Kebabs and Kurries, or K&K as it is commonly known as, is not the grandest, or best-looking restaurant you’re likely to encounter. It doesn’t have the dramatic exuberance of a Peshawari, or the quiet elegance of a Dum Pukht. The live show kitchen running along one side does bring some energy to the caravanserai-ish look, but it is barely noticeable from the best tables on the elevated qila section of the restaurant.

K&K’s secret weapon is Chef Mohammad Shareef. Part of the extended Qureshi clan, when it comes to understanding texture and spicing, the man truly has the hand of god. He can elevate the most banal ingredient into a work of art. Through his cooking, he reconciles the disparate worlds of Dum Pukht and Peshawari into dishes that are familiar and yet new and wondrous. His Nadru ki Chaap looks exactly like a classic Awadhi mutton chaap, with the little bone sticking out, but it is pure vegetarian. Simple beetroot is transformed into Lab-E-Bir pan-fried kebab with a delicate hint of kewra that creates the disconcerting, but very intriguing flavour of mithai.  

The K&K Dum Ki Raan is exceptional; the meat falls apart at the slightest touch and the pieces of pickled baby garlic almost taste like raisins giving the meat a sweet-sour flavour.  

Make friends with Shareef, if for no other reason than to eat his off-the-menu haleem. Not a traditional Hyderabadi version, Shareef’s style of preparation results in a haleem that has an incredible pâté-like texture and is a lot more delicately spiced.  With the garnish of fresh chopped chillies, a squeeze of lime and some fried onions, it is just divine.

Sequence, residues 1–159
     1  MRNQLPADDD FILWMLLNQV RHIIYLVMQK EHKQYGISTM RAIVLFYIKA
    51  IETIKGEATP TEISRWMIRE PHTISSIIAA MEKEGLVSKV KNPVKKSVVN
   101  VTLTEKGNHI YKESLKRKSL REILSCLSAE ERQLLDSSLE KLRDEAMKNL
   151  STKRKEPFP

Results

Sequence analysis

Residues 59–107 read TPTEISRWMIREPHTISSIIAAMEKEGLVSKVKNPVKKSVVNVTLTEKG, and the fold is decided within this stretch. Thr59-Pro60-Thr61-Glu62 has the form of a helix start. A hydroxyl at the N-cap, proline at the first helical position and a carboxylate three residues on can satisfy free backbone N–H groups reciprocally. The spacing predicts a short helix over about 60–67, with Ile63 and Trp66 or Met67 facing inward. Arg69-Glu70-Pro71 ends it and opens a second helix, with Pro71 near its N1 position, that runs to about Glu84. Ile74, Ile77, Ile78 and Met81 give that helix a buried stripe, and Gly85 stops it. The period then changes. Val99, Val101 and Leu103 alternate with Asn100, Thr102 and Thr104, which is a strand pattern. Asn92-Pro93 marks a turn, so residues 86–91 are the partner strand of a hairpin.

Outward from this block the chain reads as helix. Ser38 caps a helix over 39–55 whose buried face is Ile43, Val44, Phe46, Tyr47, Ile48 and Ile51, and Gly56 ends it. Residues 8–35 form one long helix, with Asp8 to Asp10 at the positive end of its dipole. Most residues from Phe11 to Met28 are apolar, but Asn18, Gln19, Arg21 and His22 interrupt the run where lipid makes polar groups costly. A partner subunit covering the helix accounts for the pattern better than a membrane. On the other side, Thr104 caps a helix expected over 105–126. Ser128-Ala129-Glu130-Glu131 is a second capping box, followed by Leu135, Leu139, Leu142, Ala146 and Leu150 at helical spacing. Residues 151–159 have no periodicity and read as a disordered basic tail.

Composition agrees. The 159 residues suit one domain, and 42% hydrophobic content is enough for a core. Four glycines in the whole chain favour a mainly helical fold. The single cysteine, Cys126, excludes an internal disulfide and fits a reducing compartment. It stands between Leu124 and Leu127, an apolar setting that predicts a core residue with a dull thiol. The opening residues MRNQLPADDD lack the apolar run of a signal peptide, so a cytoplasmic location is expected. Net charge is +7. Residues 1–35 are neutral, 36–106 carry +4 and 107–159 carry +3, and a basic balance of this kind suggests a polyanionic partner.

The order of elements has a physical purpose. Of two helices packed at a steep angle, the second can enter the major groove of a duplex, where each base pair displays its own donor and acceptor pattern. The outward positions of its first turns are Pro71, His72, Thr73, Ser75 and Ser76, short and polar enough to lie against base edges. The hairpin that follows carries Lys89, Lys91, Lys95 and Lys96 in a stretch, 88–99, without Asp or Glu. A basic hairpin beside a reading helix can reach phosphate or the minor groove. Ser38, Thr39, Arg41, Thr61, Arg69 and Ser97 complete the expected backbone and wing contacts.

One of the least celebrated qualities of K&K is its expertly curated wine list. With the guidance of the hotel’s in-house sommelier you’re assured to have one of the best paired Indian meals in the country. And that is no mean achievement!

Beauty of imperfection: Wabi Sabi, The Oberoi, Bengaluru 

Opened just before the first lockdown, Wabi Sabi is named after the Japanese aesthetic philosophy that has gained a lot of cachet in the design space. At its basic, Wabi Sabi means the beauty of imperfect things, but it can be expanded to mean the beauty in old and worn out things, or even the damaged and chipped. 

The philosophy is most clearly manifest in the thoughtfully designed interiors; textured grey slate panels celebrated for being imperfectly perfect line the back wall. Tables laid with kinstugi (the Japanese practice of repairing broken pottery pieces with gold) inspired crockery and a shiny 24 carat gold leaf wall provides a stunning backdrop to the live sushi and sashimi. Looking out into a cool, quiet garden brings a Zen-like stillness and tranquillity to this restaurant specialising in both Japanese and Chinese.

The focussed menu embraces classics like fresh salmon and yellowtail sashimi, Rashomon, a nigiri of torched black cod with a coating of sweet, salty den miso as well as signature sushis, like the Crunchy Crunchy Bang Bang, a vegetable tempura and avocado roll or California Dreaming, with a crab meat avocado, cucumber and spicy kani filling.  Then there’s the Miso Black Cod, where all the elements, the delicate, flaking fish, the crunchy quinoa, the sharp sweet citrus beetroot jelly and the aromatic lemon foam come together beautifully. 

The Chinese is no less stellar starting from the crisp Pan-fried Chicken Gyoza, to the plump Lobster Hargao and the fluffy, jiggly Char Sui Bao with its sweet salty minced roasted pork filling. Don’t miss out on the edamame Green Silk Dumpling which unlike the run-of-the-mill edamame truffle dumplings has a truffle flavoured filling containing chopped and whole edamame, and not a puree.  

And make sure to leave space for the Nokcha and Pistachio petit gateaux with a Korean green tea ganache and pistachio buttercream which is to die for. 

The perfect balance: Sette Mara, St Regis, Mumbai